Dram Shop Laws and Social Host Liability for Alcohol-Related Accidents in D.C.

When an intoxicated person injures someone else in D.C., can a third party be liable for providing the alcohol?

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Every U.S. state has specific rules that dictate who can be held liable when an intoxicated person causes injury to another. In every state, an injured person may be able to seek damages directly from the intoxicated person after an alcohol-related accident -- such as a DUI car crash, for example. In some states, the injured person may also be able to file what is known as a “dram shop” claim. These claims are filed against a bar, store, or other establishment that sold to an intoxicated person. (Historical note: these laws are called “dram shop” laws because alcohol was traditionally sold by a unit of measure called a “dram.”)

"Social host liability" claims are similar to dram shop claims, but they are made against private individuals who provide alcohol in a social setting like a cocktail party.

In this article, we’ll look at dram shop law and social host liability in the District of Columbia.

What is D.C.’s Dram Shop Law?

D.C. Code Annotated section 25-781 prohibits the sale or delivery of an alcoholic beverage to:

  • an intoxicated person
  • a person who appears to be intoxicated, or
  • “a person of notoriously intemperate habits” (some states use the term “habitual drunkard” to refer to people in this third group).

The law also prohibits “retail licensees” from allowing anyone in these three categories to consume alcohol on the licensee’s premises.

Other provisions of D.C.’s alcohol laws prohibit vendors from selling alcohol to anyone under age 21 or from allowing minors under age 21 to consume alcohol on the premises.

If an alcohol vendor violates this law, penalties include fines and the suspension of the vendor’s license to sell alcohol for a period of time. The law does not create a separate cause of action for an injured person against the vendor -- but court decisions handed down in the District of Columbia have basically provided that right to injured people.

The law also specifically prohibits patrons from suing an alcohol vendor for damages resulting from a refusal to serve alcohol to a person who is or appears to be intoxicated or who is “of notoriously intemperate habits.”

The classic example of this kind of case involves a bar's liability for injuries stemming from a drunk driving accident. But here’s another example of D.C.’s dram shop law at work. Suppose that Dale goes to Rosie’s Restaurant and Bar to have a few drinks. He begins slurring his speech, and when he tries to walk to the bathroom, he stumbles several times. Despite noting these behaviors, the bartender continues to serve Dale alcohol. On this second trip to the bathroom, Dale stumbles into Penny and knocks her down a flight of stairs, injuring her.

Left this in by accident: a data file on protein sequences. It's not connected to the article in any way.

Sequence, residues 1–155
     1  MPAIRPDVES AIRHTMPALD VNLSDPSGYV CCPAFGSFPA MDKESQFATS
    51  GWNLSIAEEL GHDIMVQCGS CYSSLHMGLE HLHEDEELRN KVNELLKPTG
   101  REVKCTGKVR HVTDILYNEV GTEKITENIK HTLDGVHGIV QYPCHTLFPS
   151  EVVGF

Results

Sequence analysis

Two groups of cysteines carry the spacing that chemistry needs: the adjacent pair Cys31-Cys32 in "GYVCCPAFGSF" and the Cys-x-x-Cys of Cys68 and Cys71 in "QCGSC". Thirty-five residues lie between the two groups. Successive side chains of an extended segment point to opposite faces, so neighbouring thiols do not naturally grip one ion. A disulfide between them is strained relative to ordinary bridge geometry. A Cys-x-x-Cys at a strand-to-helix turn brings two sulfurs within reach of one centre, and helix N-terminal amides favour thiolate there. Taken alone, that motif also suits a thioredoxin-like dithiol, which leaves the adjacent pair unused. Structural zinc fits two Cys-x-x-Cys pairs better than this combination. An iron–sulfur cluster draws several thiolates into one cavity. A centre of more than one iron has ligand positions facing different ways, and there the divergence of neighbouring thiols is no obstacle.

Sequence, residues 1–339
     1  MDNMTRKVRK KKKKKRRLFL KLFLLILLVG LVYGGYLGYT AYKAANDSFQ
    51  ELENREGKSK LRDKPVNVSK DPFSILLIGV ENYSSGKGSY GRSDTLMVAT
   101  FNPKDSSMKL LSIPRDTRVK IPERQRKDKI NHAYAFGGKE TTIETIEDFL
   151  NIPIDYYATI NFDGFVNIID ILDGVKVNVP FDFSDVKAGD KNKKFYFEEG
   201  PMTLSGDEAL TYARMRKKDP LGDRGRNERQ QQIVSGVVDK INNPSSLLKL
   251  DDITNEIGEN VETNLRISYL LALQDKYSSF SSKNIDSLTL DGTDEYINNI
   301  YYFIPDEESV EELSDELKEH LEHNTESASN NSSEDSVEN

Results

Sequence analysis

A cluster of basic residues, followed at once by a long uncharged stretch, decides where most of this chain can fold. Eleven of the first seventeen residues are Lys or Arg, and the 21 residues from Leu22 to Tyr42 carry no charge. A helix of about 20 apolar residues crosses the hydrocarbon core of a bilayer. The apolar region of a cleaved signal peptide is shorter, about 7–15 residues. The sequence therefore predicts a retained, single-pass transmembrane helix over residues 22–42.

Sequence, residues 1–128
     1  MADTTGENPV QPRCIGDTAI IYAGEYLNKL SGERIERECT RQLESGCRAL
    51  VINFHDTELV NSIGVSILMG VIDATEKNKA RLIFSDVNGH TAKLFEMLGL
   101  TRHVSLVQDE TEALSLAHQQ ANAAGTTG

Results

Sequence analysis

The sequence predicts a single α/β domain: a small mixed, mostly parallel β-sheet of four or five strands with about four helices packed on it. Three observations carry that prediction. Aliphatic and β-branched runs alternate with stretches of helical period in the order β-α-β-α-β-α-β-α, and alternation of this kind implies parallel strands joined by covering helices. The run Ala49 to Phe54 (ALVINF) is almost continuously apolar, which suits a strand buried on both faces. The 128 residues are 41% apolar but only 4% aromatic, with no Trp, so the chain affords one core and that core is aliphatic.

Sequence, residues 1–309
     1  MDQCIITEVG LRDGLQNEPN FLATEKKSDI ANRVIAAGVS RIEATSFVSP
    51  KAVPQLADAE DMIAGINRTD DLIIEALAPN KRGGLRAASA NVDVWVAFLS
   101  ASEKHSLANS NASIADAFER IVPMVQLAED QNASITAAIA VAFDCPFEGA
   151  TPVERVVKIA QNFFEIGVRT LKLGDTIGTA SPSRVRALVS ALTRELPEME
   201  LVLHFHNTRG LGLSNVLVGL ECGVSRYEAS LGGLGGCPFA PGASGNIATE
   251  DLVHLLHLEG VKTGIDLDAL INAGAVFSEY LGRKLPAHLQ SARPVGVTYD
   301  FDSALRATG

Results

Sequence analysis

Rosie's Restaurant and Bar might face fines or suspension of its liquor license for continuing to serve alcohol to Dale under the D.C. statute. The bar might also face a civil lawsuit from Penny under D.C. case law. Although the statute does not give Penny the right to sue the bar for her injuries, D.C. case law does. Penny may also sue Dale for damages. (If the staircase was unreasonably dangerous, Penny might also have a case against the bar under premises liability law.)

No Social Host Liability in D.C.

Washington, D.C. does not allow civil liability claims against social hosts whose intoxicated guests injure others, even if the guest is under age 21. In D.C., these kinds of third-party claims can only be brought against alcohol vendors, not against individuals who serve alcohol at private social events.

Tweaking the example we set out in the previous section, suppose that instead of going to Rosie's Restaurant and Bar, Dale goes to a party hosted by Harold. At the party, he becomes intoxicated. While trying to find the bathroom, he stumbles and falls, knocking Penny off the deck and causing her injuries.

Unlike the situation in the bar, in which Penny might have sought damages from the bar as well as from Dale, here Penny cannot bring a claim against Harold. Harold is a social host, not an alcohol vendor. Penny can, however, seek damages from Dale, and she may have a premises liability claim if the deck was unreasonably dangerous -- for instance, if she only fell off because the guardrail gave way.

Damages and Time Limits in Washington, D.C. Dram Shop Claims

As in other kinds of injury cases, damages in dram shop cases may be sought for a variety of injuries and losses. Common types of damages include compensation for losses like:

  • medical, hospital, surgery, prescription, and rehabilitation bills
  • lost wages, both during medical treatment and recovery, and wages that would reasonably have been earned if a disability had not prevented the person from continuing to work
  • costs related to damaged or destroyed property
  • costs of replacement help for household chores and childcare the person ordinarily performed before the injury, and
  • pain and suffering.
Dram shop claims in Washington, D.C. must also be brought to court within three years of the date of injury under the District's "statute of limitations."

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